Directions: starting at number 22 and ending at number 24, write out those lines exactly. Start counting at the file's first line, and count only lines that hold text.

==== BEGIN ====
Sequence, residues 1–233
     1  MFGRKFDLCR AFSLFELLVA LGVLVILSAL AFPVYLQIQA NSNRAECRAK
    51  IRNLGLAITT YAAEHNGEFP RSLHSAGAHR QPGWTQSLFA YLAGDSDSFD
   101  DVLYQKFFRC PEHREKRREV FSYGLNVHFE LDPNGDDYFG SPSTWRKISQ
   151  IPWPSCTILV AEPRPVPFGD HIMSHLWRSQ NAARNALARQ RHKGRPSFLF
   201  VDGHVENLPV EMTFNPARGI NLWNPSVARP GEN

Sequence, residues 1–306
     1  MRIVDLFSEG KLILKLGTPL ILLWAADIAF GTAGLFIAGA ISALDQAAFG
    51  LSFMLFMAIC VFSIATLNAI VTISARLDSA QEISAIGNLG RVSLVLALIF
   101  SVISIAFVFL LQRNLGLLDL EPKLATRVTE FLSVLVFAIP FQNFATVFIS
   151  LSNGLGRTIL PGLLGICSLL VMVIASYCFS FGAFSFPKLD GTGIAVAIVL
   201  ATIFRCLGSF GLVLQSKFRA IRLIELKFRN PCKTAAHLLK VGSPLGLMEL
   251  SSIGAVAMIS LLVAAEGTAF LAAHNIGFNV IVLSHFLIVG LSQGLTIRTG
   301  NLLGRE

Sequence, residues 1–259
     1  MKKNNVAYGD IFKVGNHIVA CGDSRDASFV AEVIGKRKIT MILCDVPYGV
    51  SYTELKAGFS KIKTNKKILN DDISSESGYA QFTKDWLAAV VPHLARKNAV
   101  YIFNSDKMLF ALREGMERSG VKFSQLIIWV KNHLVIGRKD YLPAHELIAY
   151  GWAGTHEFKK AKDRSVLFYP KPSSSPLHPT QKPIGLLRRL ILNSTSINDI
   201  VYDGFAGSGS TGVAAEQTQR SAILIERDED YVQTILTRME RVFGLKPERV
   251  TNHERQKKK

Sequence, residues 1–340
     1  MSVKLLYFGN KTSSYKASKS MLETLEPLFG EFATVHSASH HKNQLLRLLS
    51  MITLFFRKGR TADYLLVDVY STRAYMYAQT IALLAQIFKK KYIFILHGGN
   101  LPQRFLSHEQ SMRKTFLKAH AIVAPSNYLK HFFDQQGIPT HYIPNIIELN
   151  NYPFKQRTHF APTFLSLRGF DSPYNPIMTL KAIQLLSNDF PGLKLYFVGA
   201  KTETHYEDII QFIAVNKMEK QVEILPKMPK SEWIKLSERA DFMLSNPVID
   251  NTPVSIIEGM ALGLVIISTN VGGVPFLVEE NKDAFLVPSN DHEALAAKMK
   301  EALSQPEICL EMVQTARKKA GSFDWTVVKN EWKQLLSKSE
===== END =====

Sequence, residues 1–340
     1  MSVKLLYFGN KTSSYKASKS MLETLEPLFG EFATVHSASH HKNQLLRLLS
    51  MITLFFRKGR TADYLLVDVY STRAYMYAQT IALLAQIFKK KYIFILHGGN